Domestic Violence Study Reveals Majority of Survivors Suffer Hidden Brain Injuries With Long-term Impact

Photo: (Photo : JEAN-FRANCOIS MONIER/AFP via Getty Images)

About 80 percent of domestic violence victims suffer from traumatic brain injuries (TBI) that leave them with long-term risks, but they are more than likely to dismiss any physical or emotional symptoms of what they are going through.

Dr. Julianna Nemeth of the Public Health Office in Ohio conducted studies on the effects and risks of traumatic brain injuries acquired through experiences with domestic violence. Since 2016, Nemeth has been working with the Ohio State University experts and the Ohio Domestic Violence Network leaders to come up with clinical protocols for the victims.

The experts said that domestic violence victims have higher chances of developing headaches, vision problems, seizures, and depression or anxieties that could push them to use illegal substances. Domestic violence's physical and emotional impact cripple the victims' ability to hold jobs, retain relationships, or even deal with traumas such as sensitivity to loud noises.

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No Clinical Protocols in Place

Rachel Ramirez, who works with the Center on Partner-Inflicted Brain Injury, which supports Nameth's studies, said that there is still no system to help the adults and kids exposed to this kind of trauma compared to those who have suffered post-traumatic stress disorder as military servicemen. There are clinical protocols for brain injuries acquired through sports, such as with professional football players, but there are insufficient resources for domestic violence cases.

In the U.S., one in three women experiences domestic violence with their partner or spouse, which, more often than not, leads to traumatic brain injuries. In Nameth's studies, more than half of the victims said they have been strangled or had their head slammed more times than they can remember.

Dr. Jacquelyn Campbell of the Johns Hopkins University School of Nursing said that blacking out, even in the slightest minute, following strangulation triggers brain trauma that victims may quickly negate if there are no physical symptoms. Unfortunately, most survivors are not aware or do not recognize the symptoms of brain injuries, putting them more at risk since they won't seek protection from their abuser.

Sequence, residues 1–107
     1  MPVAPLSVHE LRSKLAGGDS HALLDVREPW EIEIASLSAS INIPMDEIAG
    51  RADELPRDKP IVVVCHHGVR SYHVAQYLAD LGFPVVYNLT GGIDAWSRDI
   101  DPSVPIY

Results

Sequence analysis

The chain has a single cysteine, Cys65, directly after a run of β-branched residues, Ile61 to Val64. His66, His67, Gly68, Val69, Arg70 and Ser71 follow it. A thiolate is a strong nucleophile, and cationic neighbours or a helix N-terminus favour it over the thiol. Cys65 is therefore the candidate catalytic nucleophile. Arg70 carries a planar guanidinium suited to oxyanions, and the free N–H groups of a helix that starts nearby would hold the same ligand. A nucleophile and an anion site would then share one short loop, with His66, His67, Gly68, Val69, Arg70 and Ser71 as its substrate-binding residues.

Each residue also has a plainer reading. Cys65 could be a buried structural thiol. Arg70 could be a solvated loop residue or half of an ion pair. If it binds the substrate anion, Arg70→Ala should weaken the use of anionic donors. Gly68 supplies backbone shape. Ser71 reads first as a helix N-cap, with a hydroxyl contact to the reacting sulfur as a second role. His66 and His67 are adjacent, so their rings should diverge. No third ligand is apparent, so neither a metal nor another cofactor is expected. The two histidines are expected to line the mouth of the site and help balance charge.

Years of Trauma

Paula Walters, a survivor of domestic violence, acknowledged that overlooking brain injuries often happens among the victims. So, she is working with the Ohio Domestic Violence Network to help police officers, healthcare workers, and social service workers to consider looking into brain injury for someone who has been abused.

In Walters' case, she experienced fainting spells, struggled with concentrating at work and losing control of her emotions. She also had bouts of suicidal thoughts and attempted to take her life because she was still in distress years after her abuse.

Her abusive relationship ended in 2006, but the doctors and experts who cared for her after an ex-boyfriend severely beat her didn't check for brain injuries. Following a car crash in 2017, an MRI showed that Walters had long-term brain trauma.

Nemeth and her team continue to study domestic violence brain injuries. Victims who may need help, resources, or services because of what they are going through may look for more information on their official site.

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